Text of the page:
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Quick Connect Interface On Secondary Port

Hi Everyone,

Curious to see whether anyone has come up with a good solution for this scenario!

We have a compactRIO that will be embedded into a box and set up by engineers that have no idea what a compactRIO is!  To do this we provide a web interface.

Since the main port is in use we want to provide this through the secondary port as a maintainance port (as well as keeping them seperate from the main network). Requirements would be:

  • No configuration change on the laptop (i.e. autoIP on laptop side)
  • User plugs in and enters a (preferrably memorable, or at least documented) address to a browser and configures the unit.

thinking about this I see a few solutions of varying quality and curious to know what other people have done. Solutions I am considering (in increasing complexity/beauty):

  1. Set a static IP on the secondary port in the autoIP range. Risks clash of IP though risk is extremely low. Also requires the user to look up the address each time.
  2. Set a static IP not in the autoIP range (still need to confirm whether this will work).
  3. Write an mDNS responder or similar in LabVIEW that can respond to the laptop with a DNS name, allowing the user to use an memorable name when browsing to the device. No idea if this is possible!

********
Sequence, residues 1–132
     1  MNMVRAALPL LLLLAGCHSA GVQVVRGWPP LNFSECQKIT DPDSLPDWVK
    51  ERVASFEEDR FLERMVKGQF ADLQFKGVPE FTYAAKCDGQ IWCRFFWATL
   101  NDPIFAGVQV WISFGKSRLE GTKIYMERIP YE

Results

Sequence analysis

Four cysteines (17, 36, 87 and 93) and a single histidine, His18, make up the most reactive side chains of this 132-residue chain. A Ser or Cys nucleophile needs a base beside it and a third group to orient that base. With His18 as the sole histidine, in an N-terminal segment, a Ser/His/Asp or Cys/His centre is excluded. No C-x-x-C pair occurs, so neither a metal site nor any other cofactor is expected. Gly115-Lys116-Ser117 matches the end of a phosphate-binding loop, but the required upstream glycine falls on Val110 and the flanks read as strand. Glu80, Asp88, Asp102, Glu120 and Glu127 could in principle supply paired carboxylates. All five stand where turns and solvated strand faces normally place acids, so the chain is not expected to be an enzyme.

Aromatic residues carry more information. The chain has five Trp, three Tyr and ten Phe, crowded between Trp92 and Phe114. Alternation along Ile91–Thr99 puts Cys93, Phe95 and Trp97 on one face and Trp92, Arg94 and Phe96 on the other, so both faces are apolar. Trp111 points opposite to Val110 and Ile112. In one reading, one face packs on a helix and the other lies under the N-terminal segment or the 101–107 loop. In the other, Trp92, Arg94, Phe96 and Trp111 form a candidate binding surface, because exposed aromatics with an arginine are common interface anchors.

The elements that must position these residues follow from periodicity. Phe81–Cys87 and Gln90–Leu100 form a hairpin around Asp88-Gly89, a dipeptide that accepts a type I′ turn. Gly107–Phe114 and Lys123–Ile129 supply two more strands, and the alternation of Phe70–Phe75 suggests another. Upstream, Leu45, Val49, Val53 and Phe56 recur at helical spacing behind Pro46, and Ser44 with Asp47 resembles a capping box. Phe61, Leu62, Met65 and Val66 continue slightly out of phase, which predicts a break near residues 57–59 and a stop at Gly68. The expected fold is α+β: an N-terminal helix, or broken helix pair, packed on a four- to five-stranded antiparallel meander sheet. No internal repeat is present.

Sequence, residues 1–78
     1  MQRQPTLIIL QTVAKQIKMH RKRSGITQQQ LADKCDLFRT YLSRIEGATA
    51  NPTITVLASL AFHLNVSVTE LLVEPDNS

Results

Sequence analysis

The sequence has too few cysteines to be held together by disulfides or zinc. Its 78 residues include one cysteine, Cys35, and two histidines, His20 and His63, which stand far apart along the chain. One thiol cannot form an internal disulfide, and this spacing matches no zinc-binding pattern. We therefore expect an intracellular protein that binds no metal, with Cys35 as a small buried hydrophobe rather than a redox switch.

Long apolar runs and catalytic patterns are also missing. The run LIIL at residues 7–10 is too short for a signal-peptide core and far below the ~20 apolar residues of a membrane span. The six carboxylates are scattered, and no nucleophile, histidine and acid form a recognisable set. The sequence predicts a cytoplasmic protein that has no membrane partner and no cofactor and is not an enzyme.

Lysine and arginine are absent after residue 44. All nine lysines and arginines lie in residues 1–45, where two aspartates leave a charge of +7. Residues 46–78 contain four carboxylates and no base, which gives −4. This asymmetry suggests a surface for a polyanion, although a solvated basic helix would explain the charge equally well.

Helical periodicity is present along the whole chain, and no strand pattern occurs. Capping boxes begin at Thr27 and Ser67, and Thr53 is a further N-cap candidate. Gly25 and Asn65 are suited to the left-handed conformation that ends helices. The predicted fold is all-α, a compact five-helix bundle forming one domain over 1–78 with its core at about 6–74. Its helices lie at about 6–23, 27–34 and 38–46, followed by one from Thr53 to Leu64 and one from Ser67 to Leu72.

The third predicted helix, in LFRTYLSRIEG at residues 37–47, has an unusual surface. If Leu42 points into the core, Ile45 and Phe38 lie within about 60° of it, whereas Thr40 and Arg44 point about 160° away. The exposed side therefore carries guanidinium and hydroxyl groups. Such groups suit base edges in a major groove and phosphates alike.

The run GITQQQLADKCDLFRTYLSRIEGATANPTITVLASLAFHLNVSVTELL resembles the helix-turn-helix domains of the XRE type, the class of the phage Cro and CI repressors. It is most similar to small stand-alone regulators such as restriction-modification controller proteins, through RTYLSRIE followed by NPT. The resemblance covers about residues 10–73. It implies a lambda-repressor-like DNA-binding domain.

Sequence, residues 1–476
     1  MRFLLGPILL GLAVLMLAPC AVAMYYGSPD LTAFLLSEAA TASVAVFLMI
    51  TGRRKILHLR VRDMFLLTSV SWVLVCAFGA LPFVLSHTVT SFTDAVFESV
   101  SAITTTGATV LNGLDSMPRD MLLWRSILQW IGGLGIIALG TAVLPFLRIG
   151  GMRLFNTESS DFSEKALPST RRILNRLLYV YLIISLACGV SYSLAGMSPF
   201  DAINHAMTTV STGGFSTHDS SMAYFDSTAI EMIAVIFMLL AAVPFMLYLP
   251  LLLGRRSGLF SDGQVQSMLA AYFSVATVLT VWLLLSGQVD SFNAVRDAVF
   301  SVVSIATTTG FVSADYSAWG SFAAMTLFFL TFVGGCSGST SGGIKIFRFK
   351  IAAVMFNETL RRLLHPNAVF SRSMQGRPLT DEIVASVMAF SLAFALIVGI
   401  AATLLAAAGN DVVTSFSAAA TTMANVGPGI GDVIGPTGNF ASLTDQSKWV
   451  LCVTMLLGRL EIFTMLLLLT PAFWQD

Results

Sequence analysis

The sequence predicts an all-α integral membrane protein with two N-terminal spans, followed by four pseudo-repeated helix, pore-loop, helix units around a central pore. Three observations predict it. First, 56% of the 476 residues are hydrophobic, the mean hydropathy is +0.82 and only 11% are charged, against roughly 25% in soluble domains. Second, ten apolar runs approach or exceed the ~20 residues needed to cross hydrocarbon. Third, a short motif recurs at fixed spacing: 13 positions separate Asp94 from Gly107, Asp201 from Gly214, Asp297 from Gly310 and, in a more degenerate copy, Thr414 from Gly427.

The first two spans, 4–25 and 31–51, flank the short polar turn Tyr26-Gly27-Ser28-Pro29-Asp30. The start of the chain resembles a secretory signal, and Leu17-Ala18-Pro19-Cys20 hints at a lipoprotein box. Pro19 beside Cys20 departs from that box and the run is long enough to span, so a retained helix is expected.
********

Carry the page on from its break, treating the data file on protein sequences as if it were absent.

I feel like there is a gulf in the middle. What have you had success with?

James Mc
========
CLA and cRIO Fanatic
My writings on LabVIEW Development are at devs.wiresmithtech.com
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If using one of the more recent cRIO controllers (anything with LinuxRT other than the 9068), the controller will have a USB type B port.  If you connect a computer to this port with a USB type A to type B cable, the controller will set up a local network using ethernet over USB to the connecting machine.  The IP addresses used are always static (172.22.11.2 for the cRIO, 172.22.11.1 for the PC). 

This requires no configuration on the cRIO, does not affect the PC's other networking settings, does not affect the settings for the cRIO's primary port and will work without modification if you are using web services (LV web services will receive traffic from the primary port and the ethernet over USB connection).  Downsides: doesn't play nice with Macs in my experience, and if using a virtual machine you may need to make sure the USB port gets routed to that VM.

Cheers,

Matt Pollock
National Instruments
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Personally, I *love* using the USB port as a debug/configuration interface.

If for some reason you are using an older controller without the type B USB port, the cRIO already has an mDNS responder installed.  This is how MAX finds remote systems - we send out an mDNS query.

Try running wireshark and refresh remote systems in MAX, then filter results for mDNS protocol queries.  You'll find the query string to use.  I don't recall the exact string offhand.

Cheers,

Matt Pollock
National Instruments
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Thanks for the fast response, your right I missed a critical piece of information, it's on the 9082 which runs overlap.

James Mc
========
CLA and cRIO Fanatic
My writings on LabVIEW Development are at devs.wiresmithtech.com
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